Another specific aspect of the present invention may be that the maximum flow rate of the medication through the pump may be regulated by adjusting the size of the pump's inlet port, outlet port, and the height of the gap between the pump's substrate and the modular inlet valve's flexure.

In addition to one or more of the above general aspects of the present invention, one specific aspect of the present invention may be to provide a micromachined one-way valve which will permit the medication to flow through it in only one direction, with very low fluid flow resistance in the forward direction, and with very high fluid flow resistance in the reverse direction. The one-way valve may comprise a substrate defining an inlet port, and an inlet valve seat. A membrane may be secured to the substrate and comprise at least one outlet port, and a flexure which extends over the inlet valve seat. During operation, as medication under a positive pressure is applied to the substrate's inlet port, the medication flows in through the inlet port, lifts and unseats the membrane from the inlet valve seat, flows between the flexure and the inlet valve seat, and exits the one-way valve through the membrane's outlet port.

Another specific aspect of the one-way valve of the present invention may be that the inlet and outlet ports of the one-way valve may be located on opposite sides of the one-way valve, to enable the one-way valve to be used as both an inlet one-way valve, and as an outlet one-way valve, simply by turning the one-way valve over.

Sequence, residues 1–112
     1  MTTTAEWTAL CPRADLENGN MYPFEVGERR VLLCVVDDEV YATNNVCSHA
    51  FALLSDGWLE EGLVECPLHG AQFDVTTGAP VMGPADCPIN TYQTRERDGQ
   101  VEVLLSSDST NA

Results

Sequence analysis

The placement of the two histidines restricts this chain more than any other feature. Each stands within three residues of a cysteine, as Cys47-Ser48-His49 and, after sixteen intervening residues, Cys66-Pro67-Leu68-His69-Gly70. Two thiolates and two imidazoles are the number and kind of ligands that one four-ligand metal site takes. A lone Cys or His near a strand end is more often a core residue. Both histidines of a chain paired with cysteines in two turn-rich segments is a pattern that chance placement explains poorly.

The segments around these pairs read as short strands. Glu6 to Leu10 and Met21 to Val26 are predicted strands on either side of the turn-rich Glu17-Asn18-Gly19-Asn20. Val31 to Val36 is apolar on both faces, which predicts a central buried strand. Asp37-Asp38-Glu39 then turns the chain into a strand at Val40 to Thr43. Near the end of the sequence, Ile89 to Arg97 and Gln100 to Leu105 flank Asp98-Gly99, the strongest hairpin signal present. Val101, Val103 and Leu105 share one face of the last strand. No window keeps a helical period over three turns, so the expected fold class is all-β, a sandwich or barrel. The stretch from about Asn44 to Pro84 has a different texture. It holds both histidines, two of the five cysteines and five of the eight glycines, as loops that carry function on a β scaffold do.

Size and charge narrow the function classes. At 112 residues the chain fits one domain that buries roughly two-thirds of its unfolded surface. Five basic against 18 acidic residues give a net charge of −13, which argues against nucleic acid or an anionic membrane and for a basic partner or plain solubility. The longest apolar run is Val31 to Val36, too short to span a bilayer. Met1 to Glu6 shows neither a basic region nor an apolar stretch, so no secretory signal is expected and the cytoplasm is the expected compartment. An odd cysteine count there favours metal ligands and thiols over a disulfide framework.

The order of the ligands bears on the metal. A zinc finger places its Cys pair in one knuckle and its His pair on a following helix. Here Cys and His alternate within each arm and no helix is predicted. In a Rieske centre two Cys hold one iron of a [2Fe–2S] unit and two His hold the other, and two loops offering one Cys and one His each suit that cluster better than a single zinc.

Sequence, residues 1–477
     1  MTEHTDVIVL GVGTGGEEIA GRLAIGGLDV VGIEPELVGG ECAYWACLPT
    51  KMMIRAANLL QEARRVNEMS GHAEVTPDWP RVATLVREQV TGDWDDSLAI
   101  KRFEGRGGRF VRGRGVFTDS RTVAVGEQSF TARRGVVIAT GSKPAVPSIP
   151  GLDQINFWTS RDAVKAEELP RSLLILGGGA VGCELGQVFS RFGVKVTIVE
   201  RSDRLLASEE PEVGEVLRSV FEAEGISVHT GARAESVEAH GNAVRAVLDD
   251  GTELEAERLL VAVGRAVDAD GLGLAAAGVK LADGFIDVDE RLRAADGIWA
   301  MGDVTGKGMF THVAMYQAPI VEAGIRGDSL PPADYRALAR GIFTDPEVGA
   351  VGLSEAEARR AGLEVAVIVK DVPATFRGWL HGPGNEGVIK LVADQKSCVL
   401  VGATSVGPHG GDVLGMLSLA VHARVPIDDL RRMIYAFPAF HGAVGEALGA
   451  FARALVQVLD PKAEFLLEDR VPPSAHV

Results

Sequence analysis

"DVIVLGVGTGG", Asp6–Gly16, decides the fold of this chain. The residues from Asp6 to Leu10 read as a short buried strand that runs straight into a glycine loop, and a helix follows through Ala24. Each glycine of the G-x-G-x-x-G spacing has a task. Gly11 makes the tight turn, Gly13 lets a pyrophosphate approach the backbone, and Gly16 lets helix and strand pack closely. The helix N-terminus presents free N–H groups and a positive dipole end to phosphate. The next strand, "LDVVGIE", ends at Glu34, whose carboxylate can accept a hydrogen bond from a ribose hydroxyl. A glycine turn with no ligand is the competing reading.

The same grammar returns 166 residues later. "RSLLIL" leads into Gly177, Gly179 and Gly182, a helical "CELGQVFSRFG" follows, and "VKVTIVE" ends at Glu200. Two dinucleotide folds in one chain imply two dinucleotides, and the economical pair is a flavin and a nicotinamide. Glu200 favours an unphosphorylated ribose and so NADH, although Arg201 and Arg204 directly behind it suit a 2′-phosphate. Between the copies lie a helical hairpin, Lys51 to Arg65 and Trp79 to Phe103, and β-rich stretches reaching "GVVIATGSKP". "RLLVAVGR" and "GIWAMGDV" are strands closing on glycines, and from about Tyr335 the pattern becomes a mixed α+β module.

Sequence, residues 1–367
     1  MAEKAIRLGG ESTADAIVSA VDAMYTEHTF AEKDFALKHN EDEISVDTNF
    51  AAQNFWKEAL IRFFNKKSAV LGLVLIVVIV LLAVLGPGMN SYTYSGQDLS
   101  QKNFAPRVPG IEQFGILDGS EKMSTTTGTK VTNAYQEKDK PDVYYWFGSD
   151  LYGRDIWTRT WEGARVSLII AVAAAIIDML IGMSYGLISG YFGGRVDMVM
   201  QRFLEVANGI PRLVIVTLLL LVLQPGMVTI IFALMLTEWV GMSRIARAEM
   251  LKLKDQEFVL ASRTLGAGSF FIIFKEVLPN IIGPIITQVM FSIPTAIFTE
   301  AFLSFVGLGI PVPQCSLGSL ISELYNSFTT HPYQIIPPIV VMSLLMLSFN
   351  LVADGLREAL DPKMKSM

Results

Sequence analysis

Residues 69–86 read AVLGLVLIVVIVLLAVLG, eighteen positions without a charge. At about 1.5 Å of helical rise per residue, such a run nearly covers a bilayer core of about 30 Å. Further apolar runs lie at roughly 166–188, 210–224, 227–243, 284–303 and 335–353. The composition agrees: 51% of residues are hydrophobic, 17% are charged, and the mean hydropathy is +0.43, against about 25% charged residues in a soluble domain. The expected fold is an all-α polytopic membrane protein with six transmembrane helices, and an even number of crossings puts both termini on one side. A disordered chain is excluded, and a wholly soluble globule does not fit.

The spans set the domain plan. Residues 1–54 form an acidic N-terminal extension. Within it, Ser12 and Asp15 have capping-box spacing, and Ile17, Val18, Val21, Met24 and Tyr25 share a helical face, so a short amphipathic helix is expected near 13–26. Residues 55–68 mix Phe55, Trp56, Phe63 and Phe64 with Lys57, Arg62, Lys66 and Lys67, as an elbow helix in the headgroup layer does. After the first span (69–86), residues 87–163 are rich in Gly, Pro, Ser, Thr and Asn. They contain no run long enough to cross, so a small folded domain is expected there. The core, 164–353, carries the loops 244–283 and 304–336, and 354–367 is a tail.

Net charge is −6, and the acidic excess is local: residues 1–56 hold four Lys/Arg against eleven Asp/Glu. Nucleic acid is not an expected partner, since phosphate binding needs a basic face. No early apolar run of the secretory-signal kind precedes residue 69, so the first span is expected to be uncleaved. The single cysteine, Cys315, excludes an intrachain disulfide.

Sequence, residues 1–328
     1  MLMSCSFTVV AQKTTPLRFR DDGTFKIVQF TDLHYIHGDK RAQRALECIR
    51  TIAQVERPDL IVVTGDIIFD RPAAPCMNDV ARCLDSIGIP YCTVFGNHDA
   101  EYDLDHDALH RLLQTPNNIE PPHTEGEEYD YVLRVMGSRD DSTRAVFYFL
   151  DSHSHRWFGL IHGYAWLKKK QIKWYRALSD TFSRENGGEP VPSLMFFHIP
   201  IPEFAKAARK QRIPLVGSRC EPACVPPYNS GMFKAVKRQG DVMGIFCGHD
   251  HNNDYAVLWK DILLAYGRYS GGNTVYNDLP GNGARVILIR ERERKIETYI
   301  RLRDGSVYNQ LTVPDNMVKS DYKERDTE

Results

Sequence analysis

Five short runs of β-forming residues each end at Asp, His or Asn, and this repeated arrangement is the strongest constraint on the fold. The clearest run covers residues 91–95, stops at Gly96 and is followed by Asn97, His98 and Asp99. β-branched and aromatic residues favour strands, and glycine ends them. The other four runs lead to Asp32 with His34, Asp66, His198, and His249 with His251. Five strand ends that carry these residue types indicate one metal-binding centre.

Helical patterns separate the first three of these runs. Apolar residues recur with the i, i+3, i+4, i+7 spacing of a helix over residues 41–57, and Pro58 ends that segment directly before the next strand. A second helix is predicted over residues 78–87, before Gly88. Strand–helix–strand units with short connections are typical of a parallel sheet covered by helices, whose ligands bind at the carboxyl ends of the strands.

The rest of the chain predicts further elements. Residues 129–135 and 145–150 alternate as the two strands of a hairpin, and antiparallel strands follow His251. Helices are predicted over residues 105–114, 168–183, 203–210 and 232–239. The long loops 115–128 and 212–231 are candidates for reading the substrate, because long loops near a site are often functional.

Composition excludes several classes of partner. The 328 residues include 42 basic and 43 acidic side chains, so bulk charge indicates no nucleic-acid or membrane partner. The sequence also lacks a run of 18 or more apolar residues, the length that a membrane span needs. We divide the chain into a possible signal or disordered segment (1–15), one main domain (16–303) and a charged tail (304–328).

Other further specific aspects of the one-way valve of the present invention may be that the flexure may be elongated; that the flexure may have at least a portion of both of its ends anchored to the substrate; that the flexure's bottom surface and the inlet valve seat's top surface may be coplanar; and that the inlet valve seat may have any suitable shape, such as ring-shaped or rectangular.

A further specific aspect of the one-way valve of the present invention may be that the elongated flexure having anchored ends may not need to have a rigid center boss for sealing between the flexure and the valve's inlet valve seat. Such a flexure offers the advantage that it has a flexibility which is increased considerably as compared to the flexibility of a flexure which does have such a rigid center boss. It has also been discovered that such increased flexibility of the flexure may be translated into either a smaller one-way valve, or a one-way valve which has a lower forward pressure drop.